The Senate has called upon the Federal Roads Safety Commission (FRSC) to suspend its plans to issue new driver’s licenses and license plates to the Nigerian people for a fee.
The Senate is toeing the line the Representatives took late last year when the lower chamber directed the FRSC to cease and desist from its plans.
The Senate Committee on Federal Character and Inter-governmental Affairs has been mandated to conduct a public hearing on the scheme.
Mover of the motion, Senator Awaisu Kuta said, “The Act empowers the FRSC to primarily, prevent and minimize accidents on the highways and clear obstructions on any part of the highways and educate drivers, motorists and other members of the public generally on the proper use of highways.
“The Commission was not established principally as a revenue-generating agency for the states and federal government. In recent times, the FRSC embarked on frequent and arbitrary introduction and re-introduction of vehicles number plates and drivers’ licenses and the Commission will ultimately be generating a whooping N2 billion annually as its own share of the new scheme.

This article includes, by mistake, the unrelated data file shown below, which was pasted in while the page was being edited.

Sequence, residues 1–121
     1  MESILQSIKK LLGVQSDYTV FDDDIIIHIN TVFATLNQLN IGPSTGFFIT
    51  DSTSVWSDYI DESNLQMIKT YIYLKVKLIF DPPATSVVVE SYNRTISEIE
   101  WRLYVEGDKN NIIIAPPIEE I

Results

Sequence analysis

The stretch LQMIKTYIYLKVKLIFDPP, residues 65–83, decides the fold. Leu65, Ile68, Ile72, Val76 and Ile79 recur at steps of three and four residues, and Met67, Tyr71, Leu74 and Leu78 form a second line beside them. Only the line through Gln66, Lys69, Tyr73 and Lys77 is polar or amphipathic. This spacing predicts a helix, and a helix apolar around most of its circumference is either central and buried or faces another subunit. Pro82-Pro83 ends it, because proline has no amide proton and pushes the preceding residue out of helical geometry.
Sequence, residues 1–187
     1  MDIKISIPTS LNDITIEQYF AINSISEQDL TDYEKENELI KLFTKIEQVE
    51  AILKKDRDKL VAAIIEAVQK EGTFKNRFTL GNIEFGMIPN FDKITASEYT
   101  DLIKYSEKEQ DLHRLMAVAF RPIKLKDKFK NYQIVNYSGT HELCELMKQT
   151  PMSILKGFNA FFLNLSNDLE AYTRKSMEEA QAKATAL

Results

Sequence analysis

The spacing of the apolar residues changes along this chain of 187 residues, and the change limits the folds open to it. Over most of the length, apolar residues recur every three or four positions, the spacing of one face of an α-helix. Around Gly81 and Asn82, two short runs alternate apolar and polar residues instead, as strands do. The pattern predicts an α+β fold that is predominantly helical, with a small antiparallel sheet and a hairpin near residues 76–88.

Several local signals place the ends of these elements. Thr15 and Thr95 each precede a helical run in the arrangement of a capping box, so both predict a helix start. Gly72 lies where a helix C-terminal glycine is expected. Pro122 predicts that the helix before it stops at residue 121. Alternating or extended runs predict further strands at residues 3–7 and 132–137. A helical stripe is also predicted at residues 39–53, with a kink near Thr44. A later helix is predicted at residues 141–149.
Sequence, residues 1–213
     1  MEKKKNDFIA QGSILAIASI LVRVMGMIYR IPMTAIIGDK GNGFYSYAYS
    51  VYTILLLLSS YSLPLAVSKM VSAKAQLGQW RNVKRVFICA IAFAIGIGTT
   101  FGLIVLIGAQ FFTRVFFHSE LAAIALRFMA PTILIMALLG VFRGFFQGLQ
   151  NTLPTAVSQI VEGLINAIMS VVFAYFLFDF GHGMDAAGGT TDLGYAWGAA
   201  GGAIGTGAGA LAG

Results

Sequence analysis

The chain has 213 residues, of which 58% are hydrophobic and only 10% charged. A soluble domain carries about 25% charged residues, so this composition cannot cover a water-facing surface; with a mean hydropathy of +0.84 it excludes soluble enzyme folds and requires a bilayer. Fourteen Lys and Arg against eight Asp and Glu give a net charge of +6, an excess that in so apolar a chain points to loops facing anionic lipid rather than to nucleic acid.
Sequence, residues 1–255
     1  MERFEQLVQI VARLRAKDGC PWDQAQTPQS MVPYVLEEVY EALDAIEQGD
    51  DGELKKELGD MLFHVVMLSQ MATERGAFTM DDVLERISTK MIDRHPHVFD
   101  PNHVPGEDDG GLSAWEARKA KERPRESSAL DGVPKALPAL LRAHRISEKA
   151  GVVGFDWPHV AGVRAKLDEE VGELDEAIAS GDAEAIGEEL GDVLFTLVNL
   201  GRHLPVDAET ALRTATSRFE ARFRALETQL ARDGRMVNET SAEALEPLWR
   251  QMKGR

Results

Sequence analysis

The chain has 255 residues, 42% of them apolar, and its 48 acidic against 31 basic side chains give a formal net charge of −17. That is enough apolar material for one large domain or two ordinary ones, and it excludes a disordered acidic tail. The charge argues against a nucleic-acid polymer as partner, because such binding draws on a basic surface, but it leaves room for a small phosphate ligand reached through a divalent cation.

“The August 31, 2012 dateline issued by FRSC for the enforcement of the new scheme is not feasible because the current demand for vehicle license surpasses supply and thereby subjecting applicants to wait for as long as three months after payment before receiving number plates.”
The motion is supported by 19 other Senators. Also making contributions to the debate, Senator Barnabas Gemade stated that the action of FRSC was “controversial” due to an ongoing court case brought by the Vehicle Inspection Office (VIO) which hinders the FRSC from embarking on the issuance of license plates.
Senator Smart Adeyemi contributed, “”it’s clear that the FRSC has gone beyond its mandate. It’s our responsibility to call this Commission to order. They should work within the framework of the law. The cost of procuring the number plates is too high for the common man.”
The new driver’s license has been increased to N 6,000 from the previous N 3,000. License plates increased 300% to N 15,000 from the previous N 5,000. Some classes of vehicles would have to pay as much as N 40,000 for the new plates.
Reacting to the development, Ifeanyi Idibia, a commercial bus driver, jubilated stating, “Now I can have more money to feed my family. I was saving to be able to meet up for these costs. Thank God for our senators that is having the interest of the people at heart.”
Via Business News
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